Today I’m interviewing Mike Tobin, former CEO of Telecity. Mike has over 30 years of experience as a tech entrepreneur and he’s now working with a number of businesses across multiple continents.
He’s also got significant charitable interests. In 2016 Mike raised over £100k running 40 marathons in 40 consecutive days. He’s now preparing for an unaided trek across Antarctica planned for next year. On top of that, he’s started a podcast with his son and written two books.
On today’s podcast:
- Why it’s important to have realistic performance expectations
- Keeping up with the times is not optional, it’s essential
- Mike’s involvement in charity projects
- Why fear is an irrational emotion
- Having a vision is more important than planning on a strategy
- Work-life balance just doesn’t exist
- Live, Love, Work, Prosper: A fresh approach to integrating life and work
- Forget Strategy. Get Results.: Radical Management Attitudes That Will Deliver Outstanding Success
- The Tobin Podcast
Resetting expectations and keeping up with the times
Mike gets a kick out of creating value. The thing he gets the most enjoyment out of is taking a business, creating significant multiples of value on top and then selling it.
One of the most common problems Mike sees is companies going public way too early. They go public despite not having the critical mass to attract today’s investment community, and therefore they end up having really poor liquidity in the stock.
He advises companies to manage and reset their expectations because what ultimately counts is the performance relative to the expectations. By mismanaging their performance expectations, many recently listed companies face liquidity and stock price interest challenges.
He emphasises the fact that businesses that are very comfortable doing their thing for a while don’t often realize that one has to innovate in order to survive.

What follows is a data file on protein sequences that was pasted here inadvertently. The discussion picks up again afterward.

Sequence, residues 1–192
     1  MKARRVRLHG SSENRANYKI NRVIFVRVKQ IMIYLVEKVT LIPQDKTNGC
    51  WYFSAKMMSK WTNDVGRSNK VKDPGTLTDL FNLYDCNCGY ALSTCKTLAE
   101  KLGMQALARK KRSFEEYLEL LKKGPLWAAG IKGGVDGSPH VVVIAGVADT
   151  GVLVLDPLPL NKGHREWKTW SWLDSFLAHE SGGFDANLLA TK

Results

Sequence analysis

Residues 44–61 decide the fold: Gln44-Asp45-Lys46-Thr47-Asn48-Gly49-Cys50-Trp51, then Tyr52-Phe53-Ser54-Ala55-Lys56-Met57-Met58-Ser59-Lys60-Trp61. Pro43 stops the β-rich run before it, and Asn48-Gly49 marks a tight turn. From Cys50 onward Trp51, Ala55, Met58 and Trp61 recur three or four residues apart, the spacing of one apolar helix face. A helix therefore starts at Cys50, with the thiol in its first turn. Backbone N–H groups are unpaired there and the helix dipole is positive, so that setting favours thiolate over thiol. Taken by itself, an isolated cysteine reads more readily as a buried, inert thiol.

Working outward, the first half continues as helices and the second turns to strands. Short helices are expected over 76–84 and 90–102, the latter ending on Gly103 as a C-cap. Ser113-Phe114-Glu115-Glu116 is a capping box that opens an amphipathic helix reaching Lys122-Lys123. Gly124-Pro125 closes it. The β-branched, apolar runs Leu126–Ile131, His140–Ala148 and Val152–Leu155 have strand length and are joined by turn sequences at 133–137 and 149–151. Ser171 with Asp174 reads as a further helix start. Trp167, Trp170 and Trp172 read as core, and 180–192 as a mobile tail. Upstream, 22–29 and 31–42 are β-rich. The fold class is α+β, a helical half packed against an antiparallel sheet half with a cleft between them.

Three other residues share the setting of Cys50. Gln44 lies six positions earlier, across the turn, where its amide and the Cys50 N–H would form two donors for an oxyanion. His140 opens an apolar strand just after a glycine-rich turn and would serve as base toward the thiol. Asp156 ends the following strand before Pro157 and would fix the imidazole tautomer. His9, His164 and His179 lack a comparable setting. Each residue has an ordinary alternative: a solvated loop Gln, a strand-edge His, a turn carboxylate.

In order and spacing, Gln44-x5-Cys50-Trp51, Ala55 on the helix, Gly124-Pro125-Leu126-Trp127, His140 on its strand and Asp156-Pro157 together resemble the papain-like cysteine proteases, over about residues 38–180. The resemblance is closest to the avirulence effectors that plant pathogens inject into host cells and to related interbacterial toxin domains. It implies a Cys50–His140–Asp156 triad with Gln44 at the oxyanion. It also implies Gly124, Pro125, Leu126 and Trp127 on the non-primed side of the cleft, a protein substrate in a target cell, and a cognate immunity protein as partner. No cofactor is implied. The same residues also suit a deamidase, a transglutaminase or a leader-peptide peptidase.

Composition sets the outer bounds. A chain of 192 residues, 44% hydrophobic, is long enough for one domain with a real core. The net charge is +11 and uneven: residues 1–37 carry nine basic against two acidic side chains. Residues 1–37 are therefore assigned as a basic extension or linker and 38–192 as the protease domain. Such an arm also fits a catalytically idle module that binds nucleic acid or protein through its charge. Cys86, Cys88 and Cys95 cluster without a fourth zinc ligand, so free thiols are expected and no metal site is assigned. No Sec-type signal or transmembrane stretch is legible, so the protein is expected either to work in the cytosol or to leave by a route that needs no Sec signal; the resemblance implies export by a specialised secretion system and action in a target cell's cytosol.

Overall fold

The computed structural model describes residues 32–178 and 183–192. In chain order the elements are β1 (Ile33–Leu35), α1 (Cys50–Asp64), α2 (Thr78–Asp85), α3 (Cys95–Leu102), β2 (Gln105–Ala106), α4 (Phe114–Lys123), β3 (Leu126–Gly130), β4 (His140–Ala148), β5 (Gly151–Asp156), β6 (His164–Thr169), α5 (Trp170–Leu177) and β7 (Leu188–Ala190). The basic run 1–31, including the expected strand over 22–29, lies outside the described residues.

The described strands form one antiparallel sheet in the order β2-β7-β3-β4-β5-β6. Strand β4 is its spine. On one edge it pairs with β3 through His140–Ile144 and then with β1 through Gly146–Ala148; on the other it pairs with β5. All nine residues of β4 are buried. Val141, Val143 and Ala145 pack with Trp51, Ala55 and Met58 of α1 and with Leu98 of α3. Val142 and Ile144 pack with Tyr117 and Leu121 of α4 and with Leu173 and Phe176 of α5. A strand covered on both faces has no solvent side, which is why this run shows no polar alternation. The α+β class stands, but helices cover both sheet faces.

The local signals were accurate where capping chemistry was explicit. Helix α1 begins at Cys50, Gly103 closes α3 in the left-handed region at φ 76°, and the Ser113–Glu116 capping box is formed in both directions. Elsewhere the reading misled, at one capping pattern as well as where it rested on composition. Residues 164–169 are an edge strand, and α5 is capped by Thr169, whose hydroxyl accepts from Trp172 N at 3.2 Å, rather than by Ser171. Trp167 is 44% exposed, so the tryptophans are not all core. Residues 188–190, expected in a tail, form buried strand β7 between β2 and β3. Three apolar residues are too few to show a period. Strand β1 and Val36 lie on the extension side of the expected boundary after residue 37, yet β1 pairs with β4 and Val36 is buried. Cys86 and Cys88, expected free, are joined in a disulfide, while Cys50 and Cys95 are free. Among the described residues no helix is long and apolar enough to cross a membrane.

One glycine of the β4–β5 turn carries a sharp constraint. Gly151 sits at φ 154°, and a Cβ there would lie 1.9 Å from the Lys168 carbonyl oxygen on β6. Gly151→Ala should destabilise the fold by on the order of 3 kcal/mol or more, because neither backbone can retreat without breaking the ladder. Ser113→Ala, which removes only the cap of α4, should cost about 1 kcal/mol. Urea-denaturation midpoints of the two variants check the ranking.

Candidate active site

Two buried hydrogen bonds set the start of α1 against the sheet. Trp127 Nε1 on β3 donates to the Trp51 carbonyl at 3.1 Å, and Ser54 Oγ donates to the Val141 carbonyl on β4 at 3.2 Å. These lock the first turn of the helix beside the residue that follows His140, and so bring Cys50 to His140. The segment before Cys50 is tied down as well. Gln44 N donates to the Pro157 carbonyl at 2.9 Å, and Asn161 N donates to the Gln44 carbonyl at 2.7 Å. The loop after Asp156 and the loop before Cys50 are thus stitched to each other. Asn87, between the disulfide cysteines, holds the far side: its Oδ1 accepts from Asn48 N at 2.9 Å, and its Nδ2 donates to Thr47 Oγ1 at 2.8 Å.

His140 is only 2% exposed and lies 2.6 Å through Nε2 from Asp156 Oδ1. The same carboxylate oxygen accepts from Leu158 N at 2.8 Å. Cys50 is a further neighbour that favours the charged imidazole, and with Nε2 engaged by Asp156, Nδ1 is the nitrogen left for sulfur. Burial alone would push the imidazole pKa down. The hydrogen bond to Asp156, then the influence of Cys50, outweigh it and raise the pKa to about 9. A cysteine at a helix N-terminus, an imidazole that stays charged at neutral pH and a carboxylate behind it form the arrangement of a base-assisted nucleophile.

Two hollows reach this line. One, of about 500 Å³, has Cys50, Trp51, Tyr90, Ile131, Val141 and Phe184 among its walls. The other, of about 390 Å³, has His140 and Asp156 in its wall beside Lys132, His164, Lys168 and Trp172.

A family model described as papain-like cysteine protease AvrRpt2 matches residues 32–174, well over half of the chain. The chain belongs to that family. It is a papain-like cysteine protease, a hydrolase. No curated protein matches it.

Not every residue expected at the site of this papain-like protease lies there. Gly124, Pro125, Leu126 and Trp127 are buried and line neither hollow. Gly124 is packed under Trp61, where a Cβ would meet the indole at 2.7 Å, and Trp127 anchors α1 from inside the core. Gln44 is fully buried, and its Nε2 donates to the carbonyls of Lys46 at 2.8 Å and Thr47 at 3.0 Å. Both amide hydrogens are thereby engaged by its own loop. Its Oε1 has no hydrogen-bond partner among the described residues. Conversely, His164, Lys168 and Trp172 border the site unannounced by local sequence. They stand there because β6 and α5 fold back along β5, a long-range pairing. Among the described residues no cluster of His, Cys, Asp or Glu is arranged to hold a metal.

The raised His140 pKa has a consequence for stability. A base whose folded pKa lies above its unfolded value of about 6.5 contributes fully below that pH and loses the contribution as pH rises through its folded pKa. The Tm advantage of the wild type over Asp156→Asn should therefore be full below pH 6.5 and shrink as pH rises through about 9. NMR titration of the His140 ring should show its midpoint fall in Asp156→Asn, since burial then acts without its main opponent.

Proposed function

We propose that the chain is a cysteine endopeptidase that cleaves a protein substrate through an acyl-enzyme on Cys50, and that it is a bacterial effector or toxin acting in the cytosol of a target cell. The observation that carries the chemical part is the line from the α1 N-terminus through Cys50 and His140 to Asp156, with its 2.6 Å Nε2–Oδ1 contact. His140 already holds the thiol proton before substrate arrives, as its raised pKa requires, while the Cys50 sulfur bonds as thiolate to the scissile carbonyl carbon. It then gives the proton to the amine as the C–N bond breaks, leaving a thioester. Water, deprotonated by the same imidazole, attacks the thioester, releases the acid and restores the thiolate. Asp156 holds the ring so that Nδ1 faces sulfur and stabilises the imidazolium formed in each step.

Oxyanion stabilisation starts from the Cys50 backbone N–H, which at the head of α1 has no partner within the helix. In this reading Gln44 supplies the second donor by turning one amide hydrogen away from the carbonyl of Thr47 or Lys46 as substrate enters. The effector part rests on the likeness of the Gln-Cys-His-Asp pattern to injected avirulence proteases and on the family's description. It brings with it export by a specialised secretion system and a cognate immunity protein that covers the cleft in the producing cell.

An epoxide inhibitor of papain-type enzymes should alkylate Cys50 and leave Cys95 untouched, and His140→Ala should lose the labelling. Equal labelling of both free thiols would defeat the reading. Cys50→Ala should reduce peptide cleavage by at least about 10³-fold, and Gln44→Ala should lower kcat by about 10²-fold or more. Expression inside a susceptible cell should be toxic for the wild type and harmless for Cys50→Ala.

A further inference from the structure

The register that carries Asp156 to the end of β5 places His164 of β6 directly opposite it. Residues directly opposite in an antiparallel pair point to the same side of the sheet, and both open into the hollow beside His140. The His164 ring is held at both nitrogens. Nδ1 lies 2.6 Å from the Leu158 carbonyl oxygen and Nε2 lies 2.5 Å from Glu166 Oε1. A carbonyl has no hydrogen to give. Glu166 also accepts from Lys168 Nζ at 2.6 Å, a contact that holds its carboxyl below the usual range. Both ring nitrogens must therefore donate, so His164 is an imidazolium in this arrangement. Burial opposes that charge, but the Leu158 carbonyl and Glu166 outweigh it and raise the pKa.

Up until five years ago, technology was about “How do I do this faster, cheaper, easier?” Now it’s all about “How do I not need to do that again?” It’s a very different approach. It’s not trying to extract a little bit more efficiency or margin, instead it’s saying “I just want to kill off that need”.
Giving back and getting things into perspective
The major three tech trends Mike sees are:
- The Internet of Things. It will be incredibly prolific over the next decade.
- Big data
He’s incredibly passionate about giving back, and so he became involved in a number of charity projects for homeless children in the UK. In his opinion, we can’t expect children to grow up and have a positive contribution to society when they start off with such challenges. He feels that fixing this is the bare minimum he can try and do.
Mike believes that fear is an irrational emotion. Either we can do something to change our position, or we can’t. If we can, we should do it. If we can’t, we shouldn’t worry about it. It’s so easy once we get things into perspective.
Books he’s written and his personal recommendation
Mike wrote two books:
- A business book called Forget Strategy. Get Results.: Radical Management Attitudes That Will Deliver Outstanding Success. We’re on an exponential change curve, and technology is driving it. Mike believes that having a vision is more important than planning on a strategy. If you have a vision, how you get there is less defined than what you actually want to achieve, and this is important because:
- You can articulate what you want to achieve across your community very easily. People will understand how they can personally contribute to your vision.
- As things change around you, you don’t have to go back to a manual. You can just say “I know where I want to be, I just need to tweak how I get there”.
- A completely different book called Live, Love, Work, Prosper: A fresh approach to integrating life and work about why work-life balance just doesn’t exist. You need to find an integrated view of life. People see technology as an inhibitor to having a proper work-life balance. Mike’s book is about using technology in order to be liberated rather than locked down.
The one book he’s given to every employee that he’s ever had is Who Moved My Cheese?: An A-Mazing Way to Deal with Change in Your Work and in Your Life by Spencer Johnson.